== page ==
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Ben Jones
Ben Jones, UK Lawyer
Category: Law
Satisfied Customers: 50209
Experience:  Qualified Solicitor
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Domestic contract building work Mr A is getting into a

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Domestic contract for minor building work
Mr A is getting into a contract with a builder to carry out renovation work within Mr A's property.
Mr A has been advised by a freind that Mr A should put a clause in the contract as below in relation to public liability insurance held by the builder.
Is it a requirement?
If something goes wrong being the builders fault and this clause was not in the contract would Mr A still be able to make a claim on the builders insurance?
"All insurance policies which the "Contractor" must have under their
obligations will include the "Client" as an insured person. In the insurance industry this
is called an indemnity to principals clause."

Hello, my name is***** am a qualified lawyer and it is my pleasure to assist you with your question today.

Do you know if the work will carry a warranty with it?

Customer: replied 1 year ago.

yes, months defect period within that time any workmanship issues will be remedied free of charge.

OK, thank you for your response. I will review the relevant information and laws and will get back to you in a short while. There is no need to wait here as you will receive an email when I have responded. Also, please do not responded to this message as it will just push your questions to the back of the queue and you may experience unnecessary delays. Thank you.

Many thanks for your patience. These types of clauses will attempt to make the builder’s insurance cover any damages caused by the builder’s negligence or their actions, although only things specifically covered by the insurance will be eligible. As you may know insurance policies only cover specific events so to be covered under this clause the policy has to cover the event for which is being claimed.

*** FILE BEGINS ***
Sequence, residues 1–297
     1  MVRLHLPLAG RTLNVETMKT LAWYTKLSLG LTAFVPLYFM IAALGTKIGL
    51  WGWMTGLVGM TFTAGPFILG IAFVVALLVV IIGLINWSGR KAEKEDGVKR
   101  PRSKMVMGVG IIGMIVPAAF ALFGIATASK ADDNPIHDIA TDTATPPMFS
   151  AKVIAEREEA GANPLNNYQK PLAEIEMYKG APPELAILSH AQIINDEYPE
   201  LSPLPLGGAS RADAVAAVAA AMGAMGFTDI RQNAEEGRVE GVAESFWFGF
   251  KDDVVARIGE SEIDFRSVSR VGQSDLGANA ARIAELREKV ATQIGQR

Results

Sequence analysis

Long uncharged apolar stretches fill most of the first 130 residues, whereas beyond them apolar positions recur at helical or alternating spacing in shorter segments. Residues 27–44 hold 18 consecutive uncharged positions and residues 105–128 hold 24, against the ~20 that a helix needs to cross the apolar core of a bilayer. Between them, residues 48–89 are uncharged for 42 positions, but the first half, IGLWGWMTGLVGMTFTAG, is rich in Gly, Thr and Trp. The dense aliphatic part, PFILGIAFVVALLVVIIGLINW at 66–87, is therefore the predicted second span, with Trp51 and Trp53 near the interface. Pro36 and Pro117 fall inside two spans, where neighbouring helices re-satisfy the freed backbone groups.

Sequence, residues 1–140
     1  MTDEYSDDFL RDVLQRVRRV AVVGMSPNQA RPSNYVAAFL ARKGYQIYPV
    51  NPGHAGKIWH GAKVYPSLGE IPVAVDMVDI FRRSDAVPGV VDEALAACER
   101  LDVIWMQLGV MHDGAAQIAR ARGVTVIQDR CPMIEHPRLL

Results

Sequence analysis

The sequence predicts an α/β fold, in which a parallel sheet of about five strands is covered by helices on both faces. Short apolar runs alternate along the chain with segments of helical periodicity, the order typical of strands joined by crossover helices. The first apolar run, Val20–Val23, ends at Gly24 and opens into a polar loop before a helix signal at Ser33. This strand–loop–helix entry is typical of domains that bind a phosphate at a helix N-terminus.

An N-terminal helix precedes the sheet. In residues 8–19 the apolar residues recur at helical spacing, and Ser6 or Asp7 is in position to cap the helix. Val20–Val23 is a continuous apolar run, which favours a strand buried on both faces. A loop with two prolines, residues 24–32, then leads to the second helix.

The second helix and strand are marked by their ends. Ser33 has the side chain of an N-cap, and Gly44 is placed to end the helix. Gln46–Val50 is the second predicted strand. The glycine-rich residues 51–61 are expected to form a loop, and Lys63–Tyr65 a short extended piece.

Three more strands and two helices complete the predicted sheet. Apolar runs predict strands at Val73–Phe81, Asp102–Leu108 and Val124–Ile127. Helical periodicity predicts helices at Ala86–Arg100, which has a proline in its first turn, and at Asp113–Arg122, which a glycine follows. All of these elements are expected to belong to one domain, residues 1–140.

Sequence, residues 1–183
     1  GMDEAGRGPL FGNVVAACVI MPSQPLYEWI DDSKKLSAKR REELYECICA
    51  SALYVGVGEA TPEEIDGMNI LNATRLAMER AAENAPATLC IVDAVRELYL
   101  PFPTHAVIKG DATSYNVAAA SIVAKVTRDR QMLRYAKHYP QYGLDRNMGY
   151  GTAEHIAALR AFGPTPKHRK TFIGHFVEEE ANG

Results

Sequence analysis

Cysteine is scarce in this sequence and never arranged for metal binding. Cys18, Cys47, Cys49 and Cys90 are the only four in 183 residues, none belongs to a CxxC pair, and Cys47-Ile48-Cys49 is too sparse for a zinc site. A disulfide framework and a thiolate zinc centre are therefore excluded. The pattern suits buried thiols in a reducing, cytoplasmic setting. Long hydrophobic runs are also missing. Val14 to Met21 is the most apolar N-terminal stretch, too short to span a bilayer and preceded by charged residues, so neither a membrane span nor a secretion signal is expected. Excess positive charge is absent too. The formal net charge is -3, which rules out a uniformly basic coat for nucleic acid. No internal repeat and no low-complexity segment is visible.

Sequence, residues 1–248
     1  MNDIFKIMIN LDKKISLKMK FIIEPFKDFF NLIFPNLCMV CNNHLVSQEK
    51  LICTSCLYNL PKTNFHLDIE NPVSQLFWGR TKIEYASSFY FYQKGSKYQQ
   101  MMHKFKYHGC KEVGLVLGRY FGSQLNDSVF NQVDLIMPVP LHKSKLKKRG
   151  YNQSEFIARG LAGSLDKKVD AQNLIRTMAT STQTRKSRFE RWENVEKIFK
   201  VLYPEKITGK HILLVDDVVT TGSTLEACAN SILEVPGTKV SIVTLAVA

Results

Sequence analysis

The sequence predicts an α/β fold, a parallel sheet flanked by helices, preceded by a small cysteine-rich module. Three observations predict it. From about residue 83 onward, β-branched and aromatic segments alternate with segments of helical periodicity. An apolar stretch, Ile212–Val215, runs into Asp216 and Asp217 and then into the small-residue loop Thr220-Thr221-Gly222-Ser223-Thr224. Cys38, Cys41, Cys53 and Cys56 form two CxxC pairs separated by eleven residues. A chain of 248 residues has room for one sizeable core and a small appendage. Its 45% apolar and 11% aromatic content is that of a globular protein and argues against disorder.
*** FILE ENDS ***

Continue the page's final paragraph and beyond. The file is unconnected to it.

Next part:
If no such clause existed then the insurance policy will not automatically cover the client and they would not be able to force the builder to claim on their insurance. They could pursue the builder directly for this as they would be the party who are potentially at fault but that does not require them to claim under their insurance policy. As the party covered under the insurance is the builder, only they can claim under that policy and they cannot be forced to do so. Had the indemnity to principals clause been in place, the client would have become a party to that policy and they could have initiated the claim without having to rely on the builder to do so.

I hope this has answered your query. I would be grateful if you could please take a second to leave a positive rating (3, 4 or 5 stars) as that is an important part of our process and recognises the time I have spent assisting you. If you need me to clarify anything before you go - please get back to me on here and I will assist further as best as I can. Thank you

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